Chapter 6

Strategic Analysis III: Supporting-Level Sense Making

Reason does not work instinctively, but requires trial, practice, and instruction in order to gradually progress from one level of insight to another.

—Immanuel Kant

In this chapter, we:
  • elaborate on the nature, role and application of supporting-level frameworks of strategic analysis in the context of sense making;
  • differentiate between supporting frameworks of analysis that probe and seek to provide insight on the firm's external competitive environment and those that focus on the firm-internal context;
  • introduce some key supporting-level frameworks related to external and internal analysis;
  • review and discuss the limitations of strategic analysis.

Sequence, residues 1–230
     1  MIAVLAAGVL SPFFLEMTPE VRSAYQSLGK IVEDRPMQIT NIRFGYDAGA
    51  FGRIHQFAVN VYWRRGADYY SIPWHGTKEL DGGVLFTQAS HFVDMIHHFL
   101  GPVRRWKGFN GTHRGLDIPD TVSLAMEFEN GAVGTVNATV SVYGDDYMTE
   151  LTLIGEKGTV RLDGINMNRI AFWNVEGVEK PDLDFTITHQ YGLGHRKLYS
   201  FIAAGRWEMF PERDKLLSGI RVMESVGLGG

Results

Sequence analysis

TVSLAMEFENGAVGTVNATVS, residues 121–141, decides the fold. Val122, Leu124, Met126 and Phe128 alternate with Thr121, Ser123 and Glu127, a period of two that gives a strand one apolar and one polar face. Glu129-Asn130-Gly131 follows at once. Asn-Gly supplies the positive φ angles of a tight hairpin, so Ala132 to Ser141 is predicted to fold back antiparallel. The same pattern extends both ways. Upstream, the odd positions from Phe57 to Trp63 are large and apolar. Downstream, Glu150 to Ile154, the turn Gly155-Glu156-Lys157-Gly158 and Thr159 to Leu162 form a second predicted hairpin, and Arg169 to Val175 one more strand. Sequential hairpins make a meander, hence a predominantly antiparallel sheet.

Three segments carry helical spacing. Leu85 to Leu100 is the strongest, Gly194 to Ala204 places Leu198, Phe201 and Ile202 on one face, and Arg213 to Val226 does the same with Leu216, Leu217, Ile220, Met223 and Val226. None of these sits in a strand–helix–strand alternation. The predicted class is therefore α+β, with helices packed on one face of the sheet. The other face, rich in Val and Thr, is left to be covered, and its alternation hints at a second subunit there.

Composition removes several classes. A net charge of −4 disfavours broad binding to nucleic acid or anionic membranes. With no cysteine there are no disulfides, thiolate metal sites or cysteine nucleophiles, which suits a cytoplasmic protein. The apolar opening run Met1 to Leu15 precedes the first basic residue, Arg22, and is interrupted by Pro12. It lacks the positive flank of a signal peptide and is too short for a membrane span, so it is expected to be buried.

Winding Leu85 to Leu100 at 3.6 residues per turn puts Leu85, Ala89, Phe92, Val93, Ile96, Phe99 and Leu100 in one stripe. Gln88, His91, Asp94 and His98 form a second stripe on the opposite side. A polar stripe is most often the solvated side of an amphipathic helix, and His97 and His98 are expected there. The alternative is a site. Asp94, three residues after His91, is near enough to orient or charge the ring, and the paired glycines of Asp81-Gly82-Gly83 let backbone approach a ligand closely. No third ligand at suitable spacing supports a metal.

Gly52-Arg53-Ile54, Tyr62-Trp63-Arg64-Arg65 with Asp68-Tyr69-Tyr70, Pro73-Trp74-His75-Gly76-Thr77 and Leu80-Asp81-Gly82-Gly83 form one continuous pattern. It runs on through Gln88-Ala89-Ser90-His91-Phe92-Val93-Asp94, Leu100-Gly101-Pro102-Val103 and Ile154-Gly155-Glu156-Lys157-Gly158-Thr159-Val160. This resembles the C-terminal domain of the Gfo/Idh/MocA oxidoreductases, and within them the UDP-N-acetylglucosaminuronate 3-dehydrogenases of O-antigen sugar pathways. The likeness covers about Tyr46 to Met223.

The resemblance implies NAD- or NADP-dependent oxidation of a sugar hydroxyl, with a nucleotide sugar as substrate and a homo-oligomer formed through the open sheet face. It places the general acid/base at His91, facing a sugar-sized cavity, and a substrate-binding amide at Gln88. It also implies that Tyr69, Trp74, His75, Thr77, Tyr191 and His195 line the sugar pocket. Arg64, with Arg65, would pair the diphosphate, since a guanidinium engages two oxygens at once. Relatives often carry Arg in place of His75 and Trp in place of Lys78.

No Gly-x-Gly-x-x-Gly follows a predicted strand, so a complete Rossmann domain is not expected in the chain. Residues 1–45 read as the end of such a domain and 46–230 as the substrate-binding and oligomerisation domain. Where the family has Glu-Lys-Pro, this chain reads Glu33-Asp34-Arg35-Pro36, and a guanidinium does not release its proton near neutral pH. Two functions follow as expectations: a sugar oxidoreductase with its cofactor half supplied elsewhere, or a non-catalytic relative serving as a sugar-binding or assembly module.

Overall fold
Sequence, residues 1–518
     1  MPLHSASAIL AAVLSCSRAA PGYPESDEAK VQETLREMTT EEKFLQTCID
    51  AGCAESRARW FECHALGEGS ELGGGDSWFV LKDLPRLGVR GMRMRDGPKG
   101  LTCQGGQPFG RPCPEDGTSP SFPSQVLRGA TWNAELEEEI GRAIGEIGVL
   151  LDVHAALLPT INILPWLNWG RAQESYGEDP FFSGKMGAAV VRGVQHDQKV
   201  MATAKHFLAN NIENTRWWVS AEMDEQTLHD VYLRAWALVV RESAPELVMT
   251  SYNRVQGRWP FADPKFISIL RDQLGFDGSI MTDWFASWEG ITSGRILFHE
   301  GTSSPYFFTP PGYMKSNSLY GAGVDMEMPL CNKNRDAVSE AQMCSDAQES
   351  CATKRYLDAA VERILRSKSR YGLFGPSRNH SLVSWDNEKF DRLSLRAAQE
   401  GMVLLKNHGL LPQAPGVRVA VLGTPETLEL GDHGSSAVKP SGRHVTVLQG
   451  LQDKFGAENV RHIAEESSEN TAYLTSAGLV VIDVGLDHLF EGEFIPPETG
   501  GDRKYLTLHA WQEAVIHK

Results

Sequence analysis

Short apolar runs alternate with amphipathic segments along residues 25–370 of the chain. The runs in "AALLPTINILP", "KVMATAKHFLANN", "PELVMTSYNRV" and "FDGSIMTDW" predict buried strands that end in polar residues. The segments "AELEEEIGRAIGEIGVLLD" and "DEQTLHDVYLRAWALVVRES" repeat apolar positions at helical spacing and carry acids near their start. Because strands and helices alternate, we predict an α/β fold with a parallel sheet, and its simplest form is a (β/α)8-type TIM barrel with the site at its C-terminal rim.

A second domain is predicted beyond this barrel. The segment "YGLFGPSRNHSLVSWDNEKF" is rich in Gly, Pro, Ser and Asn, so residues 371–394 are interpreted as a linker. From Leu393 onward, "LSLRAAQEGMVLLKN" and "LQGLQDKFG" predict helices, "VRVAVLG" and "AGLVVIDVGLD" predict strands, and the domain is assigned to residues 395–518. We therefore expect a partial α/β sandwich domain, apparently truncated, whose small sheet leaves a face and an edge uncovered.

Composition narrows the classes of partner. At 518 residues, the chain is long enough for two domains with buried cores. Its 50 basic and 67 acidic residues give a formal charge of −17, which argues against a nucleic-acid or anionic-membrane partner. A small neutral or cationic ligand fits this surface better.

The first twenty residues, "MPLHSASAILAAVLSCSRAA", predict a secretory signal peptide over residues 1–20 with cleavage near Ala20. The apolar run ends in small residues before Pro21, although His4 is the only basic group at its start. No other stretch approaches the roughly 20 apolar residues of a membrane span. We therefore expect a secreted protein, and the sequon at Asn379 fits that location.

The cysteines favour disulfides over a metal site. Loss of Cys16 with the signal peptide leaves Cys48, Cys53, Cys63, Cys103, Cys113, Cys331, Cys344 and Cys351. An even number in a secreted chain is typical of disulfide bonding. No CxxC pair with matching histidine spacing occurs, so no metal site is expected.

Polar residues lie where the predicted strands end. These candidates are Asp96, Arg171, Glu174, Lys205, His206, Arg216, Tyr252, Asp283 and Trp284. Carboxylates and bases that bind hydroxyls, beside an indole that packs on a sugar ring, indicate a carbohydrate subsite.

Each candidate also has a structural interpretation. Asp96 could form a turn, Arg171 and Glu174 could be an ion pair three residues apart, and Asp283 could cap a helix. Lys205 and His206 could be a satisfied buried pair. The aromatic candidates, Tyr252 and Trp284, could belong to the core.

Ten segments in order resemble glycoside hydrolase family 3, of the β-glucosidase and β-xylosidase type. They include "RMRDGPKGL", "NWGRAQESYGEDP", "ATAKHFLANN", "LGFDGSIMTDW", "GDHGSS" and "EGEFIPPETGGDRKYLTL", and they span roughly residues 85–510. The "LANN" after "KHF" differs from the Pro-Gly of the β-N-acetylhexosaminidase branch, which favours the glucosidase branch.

Strategic analysis is about sense making; it seeks to make sense of changes in the firm's external competitive environment that might require responsive action on the part of the firm. Good strategic analysis, we have argued earlier, begins with the framing of issues that are strategically relevant; these, in turn, give rise to strategic questions that demand to be addressed, if not resolved. It was further argued that it is always advisable to begin with a high-level positioning of the greater strategic context in question in order to “not lose sight of the wood for the trees”. Two high-level conceptual approaches suitable for that task – the value proposition and unique competing space frameworks – were introduced and examined in Chapter 5. The outcome of the ...

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